Recently I visited a nearby country church with a tumultuous history. Built in a berg called Klondike, it was originally a Catholic church. In the ’90s, the building was hit by lightning. The volunteer fire department bravely climbed up into the attic and put the fire out, at some risk to their own lives. Repairs were made and the church went on. But a few years later, in 2005, the diocese closed the church, and its members migrated to another nearby parish.
I started singing in church choirs when I was a teenager. There I learned to read music and find acceptance among the grown up singers. It was my church’s choir director who helped me find my spiritual voice again after a car accident that fractured my larynx. I went on to study vocal music, compose hymn lyrics and sing in choirs at my college, seminary and several churches over the years. There is a special kind of relationship that forms among choir members. Something about those rehearsals, with their jokes, irritations and prayer rituals, creates a spiritual bond that can’t be replicated anywhere else.
My daughter has a pet plant, Vivaldi. He’s a succulent, and a nice, bushy one, too. But it wasn’t always that way for Vivaldi. When she first brought him home from the nursery, she was given special soil and instructions to “be careful not to overwater a succulent.”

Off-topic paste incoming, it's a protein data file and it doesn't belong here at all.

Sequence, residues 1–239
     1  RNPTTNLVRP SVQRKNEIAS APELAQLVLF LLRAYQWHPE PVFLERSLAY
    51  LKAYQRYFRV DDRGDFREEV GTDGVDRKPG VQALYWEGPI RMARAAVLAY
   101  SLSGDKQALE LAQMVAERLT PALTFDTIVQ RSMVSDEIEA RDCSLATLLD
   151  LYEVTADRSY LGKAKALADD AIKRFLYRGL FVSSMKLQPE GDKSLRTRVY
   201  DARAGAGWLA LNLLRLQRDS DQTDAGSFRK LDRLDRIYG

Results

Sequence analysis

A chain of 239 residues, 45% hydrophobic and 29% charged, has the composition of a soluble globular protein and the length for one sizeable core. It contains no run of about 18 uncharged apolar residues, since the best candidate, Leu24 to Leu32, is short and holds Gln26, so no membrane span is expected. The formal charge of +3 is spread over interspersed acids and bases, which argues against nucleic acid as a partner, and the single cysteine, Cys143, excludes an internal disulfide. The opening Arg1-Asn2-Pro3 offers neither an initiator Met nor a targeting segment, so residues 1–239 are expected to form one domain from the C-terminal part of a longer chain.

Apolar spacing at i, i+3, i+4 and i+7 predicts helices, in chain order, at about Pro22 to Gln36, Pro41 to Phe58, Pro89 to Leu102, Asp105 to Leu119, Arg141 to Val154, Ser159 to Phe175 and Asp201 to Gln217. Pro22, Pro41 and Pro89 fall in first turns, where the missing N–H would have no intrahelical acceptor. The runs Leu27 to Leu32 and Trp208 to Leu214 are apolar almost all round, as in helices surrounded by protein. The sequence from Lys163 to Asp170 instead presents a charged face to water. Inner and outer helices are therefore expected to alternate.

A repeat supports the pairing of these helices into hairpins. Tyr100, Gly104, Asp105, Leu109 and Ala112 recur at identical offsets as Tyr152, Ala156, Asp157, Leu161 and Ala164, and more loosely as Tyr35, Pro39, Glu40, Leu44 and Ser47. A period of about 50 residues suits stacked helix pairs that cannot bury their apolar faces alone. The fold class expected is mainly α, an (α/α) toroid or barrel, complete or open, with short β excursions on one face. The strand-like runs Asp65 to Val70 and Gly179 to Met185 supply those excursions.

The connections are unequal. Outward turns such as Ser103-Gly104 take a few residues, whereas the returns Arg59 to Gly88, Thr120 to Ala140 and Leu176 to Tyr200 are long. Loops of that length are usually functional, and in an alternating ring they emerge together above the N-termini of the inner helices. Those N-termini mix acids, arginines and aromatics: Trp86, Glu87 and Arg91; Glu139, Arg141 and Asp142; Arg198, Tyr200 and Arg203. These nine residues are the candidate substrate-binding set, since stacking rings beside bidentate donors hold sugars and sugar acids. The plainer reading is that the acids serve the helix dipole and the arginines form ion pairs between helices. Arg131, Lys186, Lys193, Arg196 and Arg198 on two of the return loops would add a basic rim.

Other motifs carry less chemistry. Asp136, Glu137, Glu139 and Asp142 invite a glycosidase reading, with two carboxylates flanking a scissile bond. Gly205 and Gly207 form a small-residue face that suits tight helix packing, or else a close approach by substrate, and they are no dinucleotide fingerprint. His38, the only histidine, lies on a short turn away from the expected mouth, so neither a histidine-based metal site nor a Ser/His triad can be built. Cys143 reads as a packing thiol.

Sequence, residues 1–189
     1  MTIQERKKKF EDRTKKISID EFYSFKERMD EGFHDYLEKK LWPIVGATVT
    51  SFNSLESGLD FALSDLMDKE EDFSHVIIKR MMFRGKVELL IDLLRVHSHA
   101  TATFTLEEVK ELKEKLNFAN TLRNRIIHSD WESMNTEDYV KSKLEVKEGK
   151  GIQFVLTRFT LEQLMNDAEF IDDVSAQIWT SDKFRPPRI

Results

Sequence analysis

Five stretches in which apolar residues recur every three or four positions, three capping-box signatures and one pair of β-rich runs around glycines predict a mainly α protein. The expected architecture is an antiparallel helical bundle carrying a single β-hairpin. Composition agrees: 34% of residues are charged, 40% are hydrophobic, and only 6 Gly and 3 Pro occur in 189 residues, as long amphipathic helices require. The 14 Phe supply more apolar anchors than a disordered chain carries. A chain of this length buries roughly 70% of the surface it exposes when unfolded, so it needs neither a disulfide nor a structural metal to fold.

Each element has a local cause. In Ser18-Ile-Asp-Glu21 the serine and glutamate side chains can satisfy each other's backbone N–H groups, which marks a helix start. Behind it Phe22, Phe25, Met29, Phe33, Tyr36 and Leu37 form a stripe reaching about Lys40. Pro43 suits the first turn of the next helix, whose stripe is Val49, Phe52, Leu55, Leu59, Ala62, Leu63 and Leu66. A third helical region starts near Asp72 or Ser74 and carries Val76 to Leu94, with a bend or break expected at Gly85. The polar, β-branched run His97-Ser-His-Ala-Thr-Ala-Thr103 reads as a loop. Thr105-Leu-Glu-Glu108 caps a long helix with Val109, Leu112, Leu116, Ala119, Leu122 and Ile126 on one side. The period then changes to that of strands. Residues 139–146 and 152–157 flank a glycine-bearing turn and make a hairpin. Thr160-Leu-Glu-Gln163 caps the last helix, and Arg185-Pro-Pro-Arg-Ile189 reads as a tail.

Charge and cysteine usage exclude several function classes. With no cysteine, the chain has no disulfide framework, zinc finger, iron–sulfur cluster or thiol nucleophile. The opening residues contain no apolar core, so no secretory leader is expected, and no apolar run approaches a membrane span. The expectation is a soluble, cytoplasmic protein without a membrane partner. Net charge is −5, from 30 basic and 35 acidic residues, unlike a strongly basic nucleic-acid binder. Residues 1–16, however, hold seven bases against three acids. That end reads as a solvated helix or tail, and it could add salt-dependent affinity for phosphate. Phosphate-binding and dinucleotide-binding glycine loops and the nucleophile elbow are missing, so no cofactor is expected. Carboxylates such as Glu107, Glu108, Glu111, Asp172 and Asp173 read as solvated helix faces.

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A couple of weeks ago I went on an unforgettable mission trip to New Orleans and encountered a church that gave me a lot to think about. Prince of Peace Missouri Synod Lutheran Church was once a thriving church and school. It was flooded when Hurricanes Katrina and Rita destroyed thousands of homes, businesses, and community buildings along the Gulf Coast from Texas to Alabama in 2005.
I told a story in church one Sunday. It was not just my story; it was a shared story from my family that had only been told quietly for a long time. Maybe it was a confession. After telling it I felt spent, as if something powerful had moved through me. To be a storyteller is like having an electric current move through your body.
I ran into Ralph at the café. Ralph is a retired paper mill worker, a Vietnam vet, and a self-proclaimed “wise sage” who drives everyone in the café crazy with his incessant theological chatter. He always interrupts my sermon preparation. He wants to talk about God or Jesus or numerology or the chickens he’s raising. But most times, I come away from a conversation with him having yielded a little jewel of insight. This time it was a big one.